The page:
lives because of high cost of transport, psychological wellbeing. The Kenya revenue authority should know that most disabled persons are unemployed and for those who do not get access to the service
are likely to feel abused, something is deeply wrong.
Additionally, the Kenya economy is highly affected by wastage of hours on the road.
The tax exemption should have been simplified through decentralization of Kenya revenue authority services at the county.
In other words, if the digitalization process ways actualized the staff at Kenya revenue authority would be able to automatically issue exemption certificates without delay.
The disability mainstreaming focal point person at Kenya revenue has to actualize the dreams of disabled persons by ensuring the system works beyond himself or herself.
Are there government institutions, private sectors who have been given tax relief by the Kenya revenue authority for promoting disability employment and improving access for disabled persons in Kenya?
5. In terms of efficiency, any organisation has a responsibility to serve the disable persons who need their service.
Disabled persons should not be treated as second class citizen in government services.
Siting an example in 2019 May the Kenyan government in collaboration with world bank launched the braille version of the 2030 vision which in essence non blind persons read a decade ago. Is this fair?
The Kenyan policy makers need to stop the mancantile policy process and adapt solution-oriented policy and procedures.

The views expressed here are for the author and do not represent any agency or organization.
Mugambi Paul is a public policy and diversity and inclusion expert.

Why the Disabled Kenyan man missed the Land comission job!

Disabled persons all over the world face surmountable challenges in accessing participation in all spheres of life.
Siting example of Kenya it has been a long struggle for advocacy of both individuals and institutions to recognize persons with disabilities.
Disabled persons are 15 per cent of the world’s population, that’s one billion people, and yet, they are significantly more unemployed and under-employed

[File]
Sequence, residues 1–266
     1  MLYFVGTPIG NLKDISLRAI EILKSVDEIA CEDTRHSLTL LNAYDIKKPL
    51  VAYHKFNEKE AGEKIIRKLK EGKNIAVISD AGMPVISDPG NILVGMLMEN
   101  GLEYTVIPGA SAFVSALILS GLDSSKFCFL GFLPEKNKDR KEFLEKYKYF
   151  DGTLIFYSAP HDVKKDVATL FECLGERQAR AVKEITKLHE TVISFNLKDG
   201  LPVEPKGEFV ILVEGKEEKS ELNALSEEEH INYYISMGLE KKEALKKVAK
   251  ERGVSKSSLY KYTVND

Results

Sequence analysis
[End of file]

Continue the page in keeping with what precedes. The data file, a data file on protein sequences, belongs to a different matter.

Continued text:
As expected, the constitution of Kenya is clear on matters representation and appointments in the public and private sector.
As evidenced by Section 54(2) of the Kenya constitution 2010 requires the state to ensure that at least 5 % of the members of the public in elective
and appointive
bodies are persons with disabilities. The sustainable development goals (SDGs), to which Kenya is party, in target 8.5, the world hopes that by 2030 achieve
full and productive employment and decent work for all women and men, including for young people and persons with disabilities, and
equal pay for work of equal value. Despite existing domestic and global legal frameworks, access to the labor market remains a daunting challenge for
persons with disabilities. This may be attributed to accessibility related challenges, inadequate quality education stigma and lack of a comprehensive
strategy to empower and absorb persons with disabilities into the job market.
Additionally, disabled persons have been underemployed, and employers have immensely refused to adapt reasonable accommodation measures which could have enhanced the productivity of individuals with disabilities.
On the other hand, People with disabilities represent a significant untapped source of talent for employers and a market segment for businesses that includes not only the
person with a disability but their family members and friends. Businesses and employers are recognizing that disability inclusion in the workplace represents
a competitive advantage that has been overlooked for too long.
ILO 2005 in one of its studies stated clearly that with proper accesses and provision of reasonable accommodation disabled persons can stay for long in a particular job than the non-disabled counterparts thus high productivity and prophitability of the organizations
This reduces even the expenses of hiring new staff and reduces staff turnover.

Moreover, the situation is further aggravated by lack of an elaborate and sustainable
social security mechanism for this historically marginalized group.
The big question is what it shall take for the Kenyan government to effectively address the problem of accessibility and provision of reasonable accommodation to the labor market for persons
with disabilities?
The Kenyan 2018 public service disability mainstreaming policy articulates clearly the measures which all public entities should follow in promoting the welfare of disabled persons and promoting reasonable accommodation.
If all government entities adapt this approach all disabled persons in Kenya will stop lamentation.
Of course, this is
is the only sure way of granting persons with disabilities a chance to live an independent, dignified and respectable life.